Assistive listening devices and hearing aids can be used to treat the common condition of hearing loss. But hearing loss is frequently neglected and untreated. For people with hearing loss, this can trigger feelings of social-separation and depression.
It can also cause a breakdown in personal and work relationships, which itself contributes to more feelings of depression and solitude. The solution to ending that downward spiral is treating your hearing loss.
Hearing loss and its connection to depression
We’ve been aware that hearing loss can produce feelings of separation and depression for a long time now. One study of people with neglected hearing loss found that adults 50 years old and older were more likely to report symptoms of depression, along with indications of paranoia or anxiety. They also reported being less socially involved. A lot of them felt like people were getting mad at them and they weren’t sure why. But when those individuals got hearing aids, they reported improvements in their social situation, and other people in their life also noted the difference.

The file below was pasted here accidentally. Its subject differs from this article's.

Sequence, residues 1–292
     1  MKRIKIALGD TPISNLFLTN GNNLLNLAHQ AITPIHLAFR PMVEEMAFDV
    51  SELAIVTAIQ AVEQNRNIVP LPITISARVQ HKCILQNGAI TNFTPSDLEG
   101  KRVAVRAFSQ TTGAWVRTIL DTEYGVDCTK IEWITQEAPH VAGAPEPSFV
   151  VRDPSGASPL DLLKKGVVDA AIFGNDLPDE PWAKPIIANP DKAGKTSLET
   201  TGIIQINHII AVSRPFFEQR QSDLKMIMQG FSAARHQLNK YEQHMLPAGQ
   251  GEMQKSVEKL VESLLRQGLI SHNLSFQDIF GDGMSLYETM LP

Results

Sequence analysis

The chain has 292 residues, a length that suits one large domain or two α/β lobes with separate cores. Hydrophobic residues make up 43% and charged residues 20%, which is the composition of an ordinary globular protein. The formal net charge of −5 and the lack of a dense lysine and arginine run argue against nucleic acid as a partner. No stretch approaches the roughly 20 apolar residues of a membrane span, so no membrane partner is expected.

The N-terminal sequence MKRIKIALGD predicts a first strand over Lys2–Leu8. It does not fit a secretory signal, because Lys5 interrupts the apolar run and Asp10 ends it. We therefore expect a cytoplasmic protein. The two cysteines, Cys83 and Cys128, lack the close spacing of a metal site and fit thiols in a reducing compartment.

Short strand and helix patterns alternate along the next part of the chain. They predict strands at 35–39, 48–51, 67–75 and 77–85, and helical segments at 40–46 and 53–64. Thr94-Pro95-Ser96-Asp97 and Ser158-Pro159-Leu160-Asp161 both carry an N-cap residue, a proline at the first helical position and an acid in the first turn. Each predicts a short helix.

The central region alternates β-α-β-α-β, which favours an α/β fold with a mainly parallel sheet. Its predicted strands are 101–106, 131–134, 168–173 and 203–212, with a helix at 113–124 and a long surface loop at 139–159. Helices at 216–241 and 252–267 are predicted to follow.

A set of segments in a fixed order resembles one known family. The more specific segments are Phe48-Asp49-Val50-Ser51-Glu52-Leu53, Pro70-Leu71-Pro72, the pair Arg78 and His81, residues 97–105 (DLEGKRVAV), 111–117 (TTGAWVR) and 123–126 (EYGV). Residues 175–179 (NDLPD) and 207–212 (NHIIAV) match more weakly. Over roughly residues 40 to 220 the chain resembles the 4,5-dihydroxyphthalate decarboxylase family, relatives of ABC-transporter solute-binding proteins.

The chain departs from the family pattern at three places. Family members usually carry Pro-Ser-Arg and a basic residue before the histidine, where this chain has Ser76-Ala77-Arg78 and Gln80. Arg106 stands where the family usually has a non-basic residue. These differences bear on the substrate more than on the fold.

For people with hearing loss of higher than 25 decibels, who were between 18 and 70 years old, depression was more common. Increased depression was not reported by individuals over 70 who had self-reported hearing loss. But there are still a lot of people who need assistance and aren’t receiving it.
Mental health can be impacted by refusal to wear hearing aids or to lack of awareness
It seems like it would be clear that you should treat your hearing loss when you read reports like this. Maybe you simply don’t think your hearing is that bad. You think that others are mumbling.
Another factor could be that you believe treating your hearing loss is too costly or time consuming.
It’s important to get a hearing assessment if you think that you are being left out of interactions or are feeling anxious or depressed. We can discuss your options if we do find hearing loss. It could help you feel a lot better.